EU to implement cash payment limit

Tuesday 23 January 2024 09:34 CET | News

The European Parliament and the Council negotiators have reached a provisional agreement to reduce money laundering and limit cash payments to a maximum of EUR 10,000. 

As per the information detailed in the press release, the Parliament and Council negotiators’ provisions are part of the Anti-Money Laundering and Countering the Financing of Terrorism (AML/CFT) package and are set to be applied by banks and other obliged entities to safeguard the EU internal market from money laundering and terrorist financing. Additionally, the agreement includes an EU-wide limit on cash payments of EUR 10,000, with it intending to ensure compliance with targeted financial sanctions and prevent them from being bypassed.

The EU Parliament and Council negotiators have reached a provisional agreement to reduce money laundering and limit cash payments to a maximum of EUR 10,000.

The EU’s approach to reducing money laundering

According to official statements, the current agreement supports the removal of money laundering from the EU, with financial investigators receiving increased capabilities of inspection in suspected cases, as well as broader powers to suspend suspicious transactions and accounts. Additionally, the deal supports consistent rules across the EU and it focuses on improving the security of the financial landscape. Currently, the proposals are set to pass through both the European Parliament and also receive approval from the leaders of individual member states and the European Council before they can be established.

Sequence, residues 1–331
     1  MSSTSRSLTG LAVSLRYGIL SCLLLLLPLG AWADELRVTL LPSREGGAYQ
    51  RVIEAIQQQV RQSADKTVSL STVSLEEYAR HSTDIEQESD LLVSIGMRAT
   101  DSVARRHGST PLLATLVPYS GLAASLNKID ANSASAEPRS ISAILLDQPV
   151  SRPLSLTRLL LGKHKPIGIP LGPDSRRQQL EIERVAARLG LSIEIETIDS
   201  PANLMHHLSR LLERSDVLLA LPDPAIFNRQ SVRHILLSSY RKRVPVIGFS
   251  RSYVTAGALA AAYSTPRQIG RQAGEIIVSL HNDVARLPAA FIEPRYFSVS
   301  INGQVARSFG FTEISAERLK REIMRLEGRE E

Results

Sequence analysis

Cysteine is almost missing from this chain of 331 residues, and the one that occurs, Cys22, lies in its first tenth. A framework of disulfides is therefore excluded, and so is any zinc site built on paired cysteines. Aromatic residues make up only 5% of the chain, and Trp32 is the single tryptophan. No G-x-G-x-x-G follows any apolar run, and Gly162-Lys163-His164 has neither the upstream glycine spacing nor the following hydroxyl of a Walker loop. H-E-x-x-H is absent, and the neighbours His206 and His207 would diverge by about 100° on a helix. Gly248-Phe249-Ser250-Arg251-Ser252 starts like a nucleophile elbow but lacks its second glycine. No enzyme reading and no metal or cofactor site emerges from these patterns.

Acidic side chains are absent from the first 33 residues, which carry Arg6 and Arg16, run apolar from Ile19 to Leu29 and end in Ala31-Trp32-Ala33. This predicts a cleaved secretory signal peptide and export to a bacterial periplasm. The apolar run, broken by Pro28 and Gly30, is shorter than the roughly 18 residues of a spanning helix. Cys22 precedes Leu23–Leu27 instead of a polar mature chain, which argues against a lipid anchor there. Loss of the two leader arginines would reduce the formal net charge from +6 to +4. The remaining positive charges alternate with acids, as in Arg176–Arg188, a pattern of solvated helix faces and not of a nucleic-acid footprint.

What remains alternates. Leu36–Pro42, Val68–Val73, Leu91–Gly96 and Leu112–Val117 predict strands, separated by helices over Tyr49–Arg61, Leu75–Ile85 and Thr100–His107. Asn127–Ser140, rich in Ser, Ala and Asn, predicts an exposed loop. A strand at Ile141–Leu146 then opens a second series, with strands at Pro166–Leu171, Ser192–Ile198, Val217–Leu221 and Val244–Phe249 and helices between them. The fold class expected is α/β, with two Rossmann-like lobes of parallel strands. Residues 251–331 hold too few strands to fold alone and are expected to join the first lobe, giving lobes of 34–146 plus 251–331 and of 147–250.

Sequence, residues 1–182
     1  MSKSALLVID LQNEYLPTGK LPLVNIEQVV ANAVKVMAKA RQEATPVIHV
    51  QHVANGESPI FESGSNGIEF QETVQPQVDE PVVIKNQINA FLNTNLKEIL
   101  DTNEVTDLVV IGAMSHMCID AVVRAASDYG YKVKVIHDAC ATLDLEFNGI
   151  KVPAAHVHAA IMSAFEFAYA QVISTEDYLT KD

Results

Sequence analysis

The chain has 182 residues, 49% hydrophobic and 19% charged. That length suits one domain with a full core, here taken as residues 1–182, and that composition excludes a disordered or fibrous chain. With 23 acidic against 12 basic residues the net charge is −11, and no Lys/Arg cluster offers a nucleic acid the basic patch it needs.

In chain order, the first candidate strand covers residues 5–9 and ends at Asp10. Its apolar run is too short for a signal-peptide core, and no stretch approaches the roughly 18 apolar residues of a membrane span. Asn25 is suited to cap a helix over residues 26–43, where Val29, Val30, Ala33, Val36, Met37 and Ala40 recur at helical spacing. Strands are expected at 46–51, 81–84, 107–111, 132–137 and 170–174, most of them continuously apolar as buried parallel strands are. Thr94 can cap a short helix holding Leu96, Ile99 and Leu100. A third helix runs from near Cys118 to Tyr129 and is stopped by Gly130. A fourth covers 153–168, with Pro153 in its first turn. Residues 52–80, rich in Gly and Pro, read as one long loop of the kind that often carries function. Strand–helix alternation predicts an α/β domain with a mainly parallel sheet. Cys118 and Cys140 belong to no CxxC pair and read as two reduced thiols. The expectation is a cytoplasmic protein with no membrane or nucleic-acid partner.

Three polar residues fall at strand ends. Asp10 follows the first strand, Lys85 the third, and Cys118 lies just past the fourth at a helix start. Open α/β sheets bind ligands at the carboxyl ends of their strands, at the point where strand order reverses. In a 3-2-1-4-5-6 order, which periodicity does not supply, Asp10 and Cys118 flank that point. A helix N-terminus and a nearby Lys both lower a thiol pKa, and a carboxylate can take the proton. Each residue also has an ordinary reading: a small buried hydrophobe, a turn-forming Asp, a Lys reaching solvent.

Furthermore, during the negotiations, members of the European Parliament (MEPs) ensured that professional football clubs were set to be obliged to verify their customers’ identity, monitor transactions, and report any suspicious dealings to financial intelligence units (FIUs). Functioning as an intermediary between private entities subject to AML regulations and law enforcement agencies, FIUs in member states are intended to receive additional capabilities to detect suspicious activities and suspend transactions, accounts, and business relationships. Also, traders of luxury goods, including precious metals, cars, and yachts, among others, are included under the purview of terms. The provisions require crypto-asset providers to perform due diligence on their customers and report any suspicious activity while ensuring the legitimacy of transactions amounting to EUR 1,000 or more. The agreement increases the number of institutions that have a central role in detecting financial inconsistencies and subjects them to new EU regulations.

The restrictions imposed on cash payments are developed to make it more difficult for criminals to launder dirty money across the EU. The agreement provides member states with the flexibility to impose a lower maximum limit than EUR 10,000 if they require it. Considering the current landscape where money laundering and terrorist financing pose a significant risk to the integrity of the EU economy and financial system, as well as the security of its citizens, the regulatory bodies intend to reduce these threats and support the development of the financial environment.

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Keywords: AML, money laundering, transaction laundering, regulation, fraud management, CFT
Categories: Fraud & Financial Crime
Companies: European Parliament
Countries: Europe
This article is part of category

Fraud & Financial Crime

European Parliament

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